November 10, 2014 / 8:01 PM / 5 years ago

Factbox: Reactions to Obama's push for strong net neutrality rules

WASHINGTON (Reuters) - The following are written statements issued in response to President Obama’s comments on Monday pressuring the federal communications regulator to adopt Internet traffic rules that would treat Internet providers more like public utilities.

Statement from Federal Communications Commision Chairman Tom Wheeler:

“As an independent regulatory agency we will incorporate the president’s submission into the record of the Open Internet proceeding. We welcome comment on it and how it proposes to use Title II of the Communications Act.”

Statement by AT&T’s (T.N) senior executive vice president of legislative affairs, Jim Cicconi:

“We feel the actions called for by the White House are inconsistent with decades of legal precedent as well as congressional intent. Moreover, if the government were going to make such a momentous decision as regulating the entire Internet like a public utility, that decision is more properly made by the Congress and not by unelected regulators without any public record to support the change in regulation. If the FCC puts such rules in place, we would expect to participate in a legal challenge to such action.”

Statement by Verizon Communications (VZ.N):

“Verizon supports the open Internet, and we continue to believe that the light-touch regulatory approach in place for the past two decades has been central to the Internet’s success. Reclassification under Title II, which for the first time would apply 1930s-era utility regulation to the Internet, would be a radical reversal of course that would in and of itself threaten great harm to an open Internet, competition and innovation.”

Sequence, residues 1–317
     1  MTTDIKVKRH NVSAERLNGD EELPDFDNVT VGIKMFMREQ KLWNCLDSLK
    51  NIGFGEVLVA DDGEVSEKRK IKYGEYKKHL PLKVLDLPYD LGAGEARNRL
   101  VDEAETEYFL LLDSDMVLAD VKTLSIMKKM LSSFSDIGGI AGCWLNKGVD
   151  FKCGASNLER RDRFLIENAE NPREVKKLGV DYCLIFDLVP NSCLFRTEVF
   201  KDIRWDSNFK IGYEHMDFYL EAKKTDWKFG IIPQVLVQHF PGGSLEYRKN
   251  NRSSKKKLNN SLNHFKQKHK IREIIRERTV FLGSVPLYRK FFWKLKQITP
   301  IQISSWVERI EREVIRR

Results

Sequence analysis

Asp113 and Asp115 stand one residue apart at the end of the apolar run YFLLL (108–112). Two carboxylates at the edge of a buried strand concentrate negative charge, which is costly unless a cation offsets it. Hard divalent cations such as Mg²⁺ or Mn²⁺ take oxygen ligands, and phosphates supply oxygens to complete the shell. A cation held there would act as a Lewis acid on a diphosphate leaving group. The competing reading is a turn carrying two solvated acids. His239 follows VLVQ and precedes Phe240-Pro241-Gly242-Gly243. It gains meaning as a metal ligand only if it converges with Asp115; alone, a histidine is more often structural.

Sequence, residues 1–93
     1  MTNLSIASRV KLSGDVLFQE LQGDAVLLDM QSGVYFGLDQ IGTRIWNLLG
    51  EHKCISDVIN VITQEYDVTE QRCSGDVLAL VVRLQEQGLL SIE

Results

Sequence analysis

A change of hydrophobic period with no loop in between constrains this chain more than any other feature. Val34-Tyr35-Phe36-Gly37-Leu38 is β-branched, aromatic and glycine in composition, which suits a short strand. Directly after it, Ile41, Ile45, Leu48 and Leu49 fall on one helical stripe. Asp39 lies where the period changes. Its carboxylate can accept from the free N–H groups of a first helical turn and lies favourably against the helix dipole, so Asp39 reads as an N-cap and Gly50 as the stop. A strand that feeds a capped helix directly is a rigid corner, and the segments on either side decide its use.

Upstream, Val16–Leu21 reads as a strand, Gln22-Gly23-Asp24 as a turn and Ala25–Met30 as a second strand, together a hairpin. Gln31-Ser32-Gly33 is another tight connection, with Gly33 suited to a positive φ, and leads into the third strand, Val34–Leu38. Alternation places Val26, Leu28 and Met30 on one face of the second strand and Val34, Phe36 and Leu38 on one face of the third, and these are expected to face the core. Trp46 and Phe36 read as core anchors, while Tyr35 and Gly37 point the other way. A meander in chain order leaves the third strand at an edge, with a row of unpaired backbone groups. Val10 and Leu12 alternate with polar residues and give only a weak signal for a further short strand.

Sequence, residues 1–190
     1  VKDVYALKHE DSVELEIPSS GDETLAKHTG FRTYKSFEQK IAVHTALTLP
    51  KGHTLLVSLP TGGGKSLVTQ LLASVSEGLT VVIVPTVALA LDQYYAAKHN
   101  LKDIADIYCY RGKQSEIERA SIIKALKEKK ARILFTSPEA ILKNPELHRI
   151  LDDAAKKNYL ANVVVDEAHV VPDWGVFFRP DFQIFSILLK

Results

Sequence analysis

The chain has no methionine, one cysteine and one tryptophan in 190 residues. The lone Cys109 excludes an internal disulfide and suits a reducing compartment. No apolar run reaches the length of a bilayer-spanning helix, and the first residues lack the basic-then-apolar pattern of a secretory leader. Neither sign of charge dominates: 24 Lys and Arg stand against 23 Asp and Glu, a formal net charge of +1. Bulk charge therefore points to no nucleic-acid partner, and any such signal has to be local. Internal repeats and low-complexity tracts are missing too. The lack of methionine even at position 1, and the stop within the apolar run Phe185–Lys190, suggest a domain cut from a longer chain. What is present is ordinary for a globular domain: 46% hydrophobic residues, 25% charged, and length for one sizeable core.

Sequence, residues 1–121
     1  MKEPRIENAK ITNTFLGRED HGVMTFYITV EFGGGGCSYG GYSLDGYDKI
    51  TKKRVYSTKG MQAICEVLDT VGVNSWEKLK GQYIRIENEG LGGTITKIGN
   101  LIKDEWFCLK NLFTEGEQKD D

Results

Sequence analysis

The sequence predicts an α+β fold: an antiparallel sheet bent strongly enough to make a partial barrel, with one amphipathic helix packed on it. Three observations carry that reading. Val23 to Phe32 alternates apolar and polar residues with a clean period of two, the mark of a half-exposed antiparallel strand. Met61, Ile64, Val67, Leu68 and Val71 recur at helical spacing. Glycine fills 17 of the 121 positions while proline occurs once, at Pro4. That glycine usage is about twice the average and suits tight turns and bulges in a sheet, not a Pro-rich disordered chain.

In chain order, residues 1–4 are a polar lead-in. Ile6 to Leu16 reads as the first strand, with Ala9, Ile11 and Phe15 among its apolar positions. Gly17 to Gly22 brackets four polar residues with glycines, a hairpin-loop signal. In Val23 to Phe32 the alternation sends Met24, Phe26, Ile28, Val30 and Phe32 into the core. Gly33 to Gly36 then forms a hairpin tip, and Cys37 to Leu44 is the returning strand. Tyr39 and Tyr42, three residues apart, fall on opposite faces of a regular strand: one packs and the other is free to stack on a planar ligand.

Statement by Comcast Corp’s (CMCSA.O) executive vice president, David Cohen:

“To attempt to impose a full-blown Title II regime now, when the classification of cable broadband has always been as an information service, would reverse nearly a decade of precedent, including findings by the Supreme Court that this classification was proper.  This would be a radical reversal that would harm investment and innovation, as today’s immediate stock market reaction demonstrates.  And such a radical reversal of consistent contrary precedent should be taken up by the Congress.”